Payroll Cuts Merit Consideration

“Too many people are overpaid and underworked.”

Somebody repeated that last week, as we nodded agreement. It’s actually been said frequently, and sadly probably truer than ever.

One of the most tender and controversial subjects in the country, and in every community, is school finance. It’s been that way for generations; literally, as the easiest way to get a father, cousin, neighbor, whoever riled is talk funding education.

Salaries vs output brought discussion. Nobody values learning more than we do, verified by background, degree and endeavors, directly and indirectly. Everything depends on knowledge, certainly.

Then, an editorial by a former classmate, who we’d actually edited his writings 46 years ago, made the point hit harder. Summarizing final paragraph of his rambling clinched the dilemma for us, though it likely made many steam.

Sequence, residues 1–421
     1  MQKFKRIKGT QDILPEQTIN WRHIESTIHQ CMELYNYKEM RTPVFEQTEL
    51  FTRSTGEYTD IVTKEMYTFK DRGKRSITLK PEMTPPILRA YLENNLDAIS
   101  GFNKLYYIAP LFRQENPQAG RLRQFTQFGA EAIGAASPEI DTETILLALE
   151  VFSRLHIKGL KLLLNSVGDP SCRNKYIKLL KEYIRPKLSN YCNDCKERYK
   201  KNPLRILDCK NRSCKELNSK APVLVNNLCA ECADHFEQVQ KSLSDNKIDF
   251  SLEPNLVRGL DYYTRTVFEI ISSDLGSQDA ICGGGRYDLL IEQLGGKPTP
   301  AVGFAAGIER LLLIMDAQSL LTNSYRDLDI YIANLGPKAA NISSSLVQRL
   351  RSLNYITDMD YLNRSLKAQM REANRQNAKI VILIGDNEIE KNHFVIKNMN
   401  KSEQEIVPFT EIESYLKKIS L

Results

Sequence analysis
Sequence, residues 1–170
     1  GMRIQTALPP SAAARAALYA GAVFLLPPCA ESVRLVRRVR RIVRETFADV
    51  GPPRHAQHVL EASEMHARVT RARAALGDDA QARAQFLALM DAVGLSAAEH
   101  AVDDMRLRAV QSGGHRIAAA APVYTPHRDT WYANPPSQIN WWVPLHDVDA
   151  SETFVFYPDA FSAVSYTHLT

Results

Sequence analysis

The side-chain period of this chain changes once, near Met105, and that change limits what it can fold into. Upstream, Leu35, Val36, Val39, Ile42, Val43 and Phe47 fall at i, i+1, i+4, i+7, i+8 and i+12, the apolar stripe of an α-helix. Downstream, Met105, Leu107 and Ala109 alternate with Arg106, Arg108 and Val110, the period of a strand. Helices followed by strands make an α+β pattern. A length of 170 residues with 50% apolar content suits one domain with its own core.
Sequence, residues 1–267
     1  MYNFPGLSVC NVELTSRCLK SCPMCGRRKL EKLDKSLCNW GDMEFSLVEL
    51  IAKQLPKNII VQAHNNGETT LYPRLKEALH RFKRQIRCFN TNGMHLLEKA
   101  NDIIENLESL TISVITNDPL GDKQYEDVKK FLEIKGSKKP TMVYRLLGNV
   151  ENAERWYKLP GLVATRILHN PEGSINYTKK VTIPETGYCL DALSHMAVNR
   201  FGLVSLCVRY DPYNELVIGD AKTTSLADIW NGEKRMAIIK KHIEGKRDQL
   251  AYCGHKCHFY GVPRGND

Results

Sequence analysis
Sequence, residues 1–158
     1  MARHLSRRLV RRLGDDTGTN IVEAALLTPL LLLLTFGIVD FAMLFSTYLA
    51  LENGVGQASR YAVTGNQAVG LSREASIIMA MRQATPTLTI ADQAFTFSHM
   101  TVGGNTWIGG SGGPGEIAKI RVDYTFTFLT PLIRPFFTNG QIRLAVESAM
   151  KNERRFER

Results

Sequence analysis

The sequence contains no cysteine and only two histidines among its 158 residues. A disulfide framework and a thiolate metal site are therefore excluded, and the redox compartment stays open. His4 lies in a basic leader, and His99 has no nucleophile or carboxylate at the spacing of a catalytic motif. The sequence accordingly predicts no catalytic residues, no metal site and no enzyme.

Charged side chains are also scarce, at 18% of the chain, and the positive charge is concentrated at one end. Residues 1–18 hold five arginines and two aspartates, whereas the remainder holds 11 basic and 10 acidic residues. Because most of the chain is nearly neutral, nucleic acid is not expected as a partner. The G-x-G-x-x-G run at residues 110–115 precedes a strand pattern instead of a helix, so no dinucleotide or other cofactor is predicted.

Recently, we reflected how important our teachers were to us, a guiding hand in everything since 17 years of formal schooling.

One teacher often taught eight grades in the first half of last century. We had 24 students in our class, with one teacher for each grade, and they doubled as coaches, tutors, art instructors, event sponsors, drama trainers and more. The principal taught class if the regular teacher became ill, which was uncommon. A music teacher and school nurse served two buildings, more than 500 students.

There were no computers, which are said to make teaching and learning easier, no teacher’s aides, no special education, and no extra sports staff.

Nobody wants to take a pay cut, but we have several times. Every person in agriculture has, and will again.

Longtime workers have been told take less, do more, or leave, and we’ll find somebody who’ll be happy to have your job. Big salaries do not guarantee quality.

Remember there are mostly nine-month contracts, yet 12-month salaries, without question.

“Overfed horses never win the race.” “Fat cats don’t catch the mice.”

No easy solution, but somebody has to pay, because education is the future. Back to old school could be a step forward.

Reminds us of Proverbs 1:4: “Educators will teach young people what they need to know and how to use what they’ve learned.” Because, Proverbs 16:26: “Passion is an incentive to work harder.” Thus, First Corinthians 3:8: “Servant jobs at minimum wages make them worth doing, because we are serving.”